We can perform active recon with Sn1per by running the following command:
sniper -t <TARGET>
This will automate all active recon techniques and will output the results in to a report saved under: /usr/share/sniper/loot/workspace/DOMAIN
Sn1per generates HTM reports that can be viewed in your browser, reports can be accessed in the following directory: /usr/share/sniper/loot/workspace/DOMAIN
Clicking on a report will display the results in your browser, the screenshot below is an example of a recon report.
The OWASP Amass Project performs network mapping of attack surfaces and external asset discovery using open source information gathering and active reconnaissance techniques.
Amass User Guide: https://github.com/OWASP/Amass/blob/master/doc/user_guide.md
Amass can be installed on Kali Linux by running the following command:
sudo apt-get install amass
We can automate the process of enumerating subdomains with Amass by running the following command:
amass enum -d domain.com
As highlighted in the following screenshot, Amass will output the list of subdomains and ASNs.
We can also enumerate the subdomain IP addresses and sources by running the following command:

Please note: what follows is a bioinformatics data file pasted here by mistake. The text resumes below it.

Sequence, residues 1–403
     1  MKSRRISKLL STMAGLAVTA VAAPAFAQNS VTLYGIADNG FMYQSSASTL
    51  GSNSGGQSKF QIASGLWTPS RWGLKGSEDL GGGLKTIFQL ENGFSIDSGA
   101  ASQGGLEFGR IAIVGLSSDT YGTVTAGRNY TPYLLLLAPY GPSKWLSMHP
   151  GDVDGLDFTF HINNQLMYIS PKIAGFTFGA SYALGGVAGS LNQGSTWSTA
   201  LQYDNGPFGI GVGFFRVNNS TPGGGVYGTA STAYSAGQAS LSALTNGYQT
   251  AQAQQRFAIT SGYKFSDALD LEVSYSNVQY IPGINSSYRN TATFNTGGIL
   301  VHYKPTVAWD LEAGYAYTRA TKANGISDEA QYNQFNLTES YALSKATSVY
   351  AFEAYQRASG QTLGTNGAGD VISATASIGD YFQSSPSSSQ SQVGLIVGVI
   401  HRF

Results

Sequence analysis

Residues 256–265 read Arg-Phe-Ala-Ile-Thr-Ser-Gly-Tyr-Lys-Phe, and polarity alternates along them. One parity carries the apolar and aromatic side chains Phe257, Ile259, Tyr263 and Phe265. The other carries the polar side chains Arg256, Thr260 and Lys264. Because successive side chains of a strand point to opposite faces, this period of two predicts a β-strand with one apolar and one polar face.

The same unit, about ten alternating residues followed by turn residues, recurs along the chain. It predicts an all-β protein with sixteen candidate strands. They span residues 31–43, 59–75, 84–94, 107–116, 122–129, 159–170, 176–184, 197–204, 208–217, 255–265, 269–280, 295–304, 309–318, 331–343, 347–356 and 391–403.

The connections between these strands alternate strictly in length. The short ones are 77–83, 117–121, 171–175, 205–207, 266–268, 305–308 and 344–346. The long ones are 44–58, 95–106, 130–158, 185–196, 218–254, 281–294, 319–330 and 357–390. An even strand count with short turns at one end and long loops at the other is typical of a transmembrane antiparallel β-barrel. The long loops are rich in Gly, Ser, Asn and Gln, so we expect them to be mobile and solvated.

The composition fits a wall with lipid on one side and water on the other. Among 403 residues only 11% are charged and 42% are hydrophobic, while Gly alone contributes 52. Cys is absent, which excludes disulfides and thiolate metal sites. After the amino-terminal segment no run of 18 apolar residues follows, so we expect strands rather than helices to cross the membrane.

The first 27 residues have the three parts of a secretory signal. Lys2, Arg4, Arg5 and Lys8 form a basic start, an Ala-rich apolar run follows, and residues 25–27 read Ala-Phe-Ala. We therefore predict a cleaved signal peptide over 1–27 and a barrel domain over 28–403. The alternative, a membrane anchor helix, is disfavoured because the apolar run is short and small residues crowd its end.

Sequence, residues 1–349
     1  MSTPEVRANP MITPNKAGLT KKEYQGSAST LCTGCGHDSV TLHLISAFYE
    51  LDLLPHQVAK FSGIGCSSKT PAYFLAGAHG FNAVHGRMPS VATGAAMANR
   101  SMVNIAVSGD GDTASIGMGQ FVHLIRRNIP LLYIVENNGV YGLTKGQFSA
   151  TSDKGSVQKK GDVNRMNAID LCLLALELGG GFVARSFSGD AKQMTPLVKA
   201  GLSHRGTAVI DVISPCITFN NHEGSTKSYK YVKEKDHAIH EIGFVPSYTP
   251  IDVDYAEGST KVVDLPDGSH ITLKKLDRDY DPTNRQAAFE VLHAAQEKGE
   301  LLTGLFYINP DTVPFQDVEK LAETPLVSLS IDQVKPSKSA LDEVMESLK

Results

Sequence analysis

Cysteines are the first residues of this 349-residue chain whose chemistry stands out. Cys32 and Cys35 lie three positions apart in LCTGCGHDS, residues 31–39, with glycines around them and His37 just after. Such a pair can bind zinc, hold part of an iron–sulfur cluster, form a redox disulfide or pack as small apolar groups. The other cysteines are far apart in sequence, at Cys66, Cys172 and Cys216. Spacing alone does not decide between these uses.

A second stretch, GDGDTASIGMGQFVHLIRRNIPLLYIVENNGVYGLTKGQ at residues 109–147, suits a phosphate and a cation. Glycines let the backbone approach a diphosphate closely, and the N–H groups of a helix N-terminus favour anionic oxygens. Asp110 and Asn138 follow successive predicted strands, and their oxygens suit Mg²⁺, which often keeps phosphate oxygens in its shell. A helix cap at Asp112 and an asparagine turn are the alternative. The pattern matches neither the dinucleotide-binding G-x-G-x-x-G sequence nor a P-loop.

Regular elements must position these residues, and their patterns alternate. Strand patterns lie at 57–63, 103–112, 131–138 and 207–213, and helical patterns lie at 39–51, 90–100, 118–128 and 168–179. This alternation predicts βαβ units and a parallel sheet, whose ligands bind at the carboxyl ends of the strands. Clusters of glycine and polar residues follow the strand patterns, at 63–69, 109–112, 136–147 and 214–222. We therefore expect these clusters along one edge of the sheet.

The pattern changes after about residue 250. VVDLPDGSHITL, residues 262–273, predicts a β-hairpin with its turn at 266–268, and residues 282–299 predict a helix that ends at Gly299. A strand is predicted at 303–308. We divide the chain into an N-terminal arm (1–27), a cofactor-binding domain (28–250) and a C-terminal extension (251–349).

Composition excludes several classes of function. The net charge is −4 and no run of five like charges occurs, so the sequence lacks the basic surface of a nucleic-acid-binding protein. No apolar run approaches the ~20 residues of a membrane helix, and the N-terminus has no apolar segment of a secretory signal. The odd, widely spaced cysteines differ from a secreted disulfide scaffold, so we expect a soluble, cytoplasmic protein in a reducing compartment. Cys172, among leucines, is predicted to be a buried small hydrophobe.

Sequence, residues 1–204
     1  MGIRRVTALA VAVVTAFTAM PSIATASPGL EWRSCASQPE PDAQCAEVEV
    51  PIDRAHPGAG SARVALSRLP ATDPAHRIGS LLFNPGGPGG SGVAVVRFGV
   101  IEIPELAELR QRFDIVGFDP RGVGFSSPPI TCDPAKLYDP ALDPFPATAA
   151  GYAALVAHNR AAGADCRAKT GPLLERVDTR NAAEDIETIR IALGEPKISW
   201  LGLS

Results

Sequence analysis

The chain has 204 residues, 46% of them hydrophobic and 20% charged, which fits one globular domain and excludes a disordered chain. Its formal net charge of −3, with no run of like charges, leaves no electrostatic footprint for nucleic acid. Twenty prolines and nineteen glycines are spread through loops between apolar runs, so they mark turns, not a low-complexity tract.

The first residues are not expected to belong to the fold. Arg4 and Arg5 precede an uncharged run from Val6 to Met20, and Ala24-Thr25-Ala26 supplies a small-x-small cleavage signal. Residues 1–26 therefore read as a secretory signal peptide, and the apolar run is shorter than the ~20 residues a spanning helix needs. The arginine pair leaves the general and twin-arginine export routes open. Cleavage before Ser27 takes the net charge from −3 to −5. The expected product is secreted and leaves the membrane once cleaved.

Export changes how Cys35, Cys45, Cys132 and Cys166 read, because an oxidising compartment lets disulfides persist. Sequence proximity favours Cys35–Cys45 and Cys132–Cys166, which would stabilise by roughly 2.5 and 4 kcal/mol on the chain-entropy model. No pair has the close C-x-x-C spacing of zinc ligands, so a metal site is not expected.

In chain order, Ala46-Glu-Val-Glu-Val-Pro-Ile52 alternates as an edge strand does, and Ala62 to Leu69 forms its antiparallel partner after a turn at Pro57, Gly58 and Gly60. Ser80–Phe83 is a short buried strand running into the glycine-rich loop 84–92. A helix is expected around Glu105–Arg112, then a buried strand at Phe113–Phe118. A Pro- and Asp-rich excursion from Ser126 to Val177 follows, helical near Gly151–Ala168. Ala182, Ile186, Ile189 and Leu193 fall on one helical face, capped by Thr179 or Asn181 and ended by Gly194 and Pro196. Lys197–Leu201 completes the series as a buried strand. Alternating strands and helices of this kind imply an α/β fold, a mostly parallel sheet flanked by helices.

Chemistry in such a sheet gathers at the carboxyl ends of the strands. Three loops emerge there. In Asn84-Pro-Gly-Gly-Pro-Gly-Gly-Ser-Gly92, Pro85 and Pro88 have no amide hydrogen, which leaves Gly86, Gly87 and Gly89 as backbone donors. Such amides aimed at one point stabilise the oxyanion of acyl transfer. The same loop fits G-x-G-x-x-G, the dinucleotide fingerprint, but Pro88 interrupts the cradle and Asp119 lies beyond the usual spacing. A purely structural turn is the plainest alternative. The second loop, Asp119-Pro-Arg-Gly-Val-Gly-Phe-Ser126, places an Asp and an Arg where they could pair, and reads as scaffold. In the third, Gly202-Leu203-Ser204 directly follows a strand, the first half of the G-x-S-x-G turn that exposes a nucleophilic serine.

amass enum -d domain.com -src -ip -dir /PATH-To-DIRECTORY/DOMAIN
The preceding command will also create an output directory and save all results in to the directory.
We can also perform subdomain brute-forcing with Amass, this can be done by running the following command:
amass enum -d domain.com -src -ip -brute -dir DOMAIN
In addition to performing manual checks and scans, we can also automate passive recon with Amass by using the enum subcommand as shown in the following command:
amass enum -d domain.com -src -ip -dir DOMAIN
This command will perform passive reconnaissance on the target, resolve all IP addresses, display the sources and output results into the output directory specified.
We can also automate active recon with Amass, this can be done by running the intel subcommand as shown in the following command:
amass intel -d domain.com -active -src -ip -dir DOMAIN
Amass reports can be generated through the use of the viz subcommand. The viz subcommand allows you to create enlightening network graph visualizations that add structure to the information gathered. This subcommand only leverages the ‘output_directory’ and remote graph database settings from the configuration file.
You can generate reports by specifying the viz subcommand and your preferred output format as highlighted in the following command:
amass viz -dir DOMAIN -d3
In this case, we are generating a report in a D3.js v4 force simulation HTML file, after the report has been generated, you can access it by navigating to the output directory specified in earlier commands and opening the file with your browser.
You should now be familiar with how to perform both active and passive reconnaissance for red team operations.